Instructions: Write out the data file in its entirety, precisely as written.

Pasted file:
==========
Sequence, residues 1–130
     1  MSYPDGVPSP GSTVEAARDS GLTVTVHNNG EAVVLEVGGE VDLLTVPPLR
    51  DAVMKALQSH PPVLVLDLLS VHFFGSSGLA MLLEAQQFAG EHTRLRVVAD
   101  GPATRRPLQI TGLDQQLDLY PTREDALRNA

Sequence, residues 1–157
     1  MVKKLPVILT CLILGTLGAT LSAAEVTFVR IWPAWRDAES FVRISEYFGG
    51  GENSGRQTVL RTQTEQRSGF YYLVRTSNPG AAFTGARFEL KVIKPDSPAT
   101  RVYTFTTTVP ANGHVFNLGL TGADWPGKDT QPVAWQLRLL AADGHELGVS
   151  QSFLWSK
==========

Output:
Sequence, residues 1–130
     1  MSYPDGVPSP GSTVEAARDS GLTVTVHNNG EAVVLEVGGE VDLLTVPPLR
    51  DAVMKALQSH PPVLVLDLLS VHFFGSSGLA MLLEAQQFAG EHTRLRVVAD
   101  GPATRRPLQI TGLDQQLDLY PTREDALRNA

Sequence, residues 1–157
     1  MVKKLPVILT CLILGTLGAT LSAAEVTFVR IWPAWRDAES FVRISEYFGG
    51  GENSGRQTVL RTQTEQRSGF YYLVRTSNPG AAFTGARFEL KVIKPDSPAT
   101  RVYTFTTTVP ANGHVFNLGL TGADWPGKDT QPVAWQLRLL AADGHELGVS
   151  QSFLWSK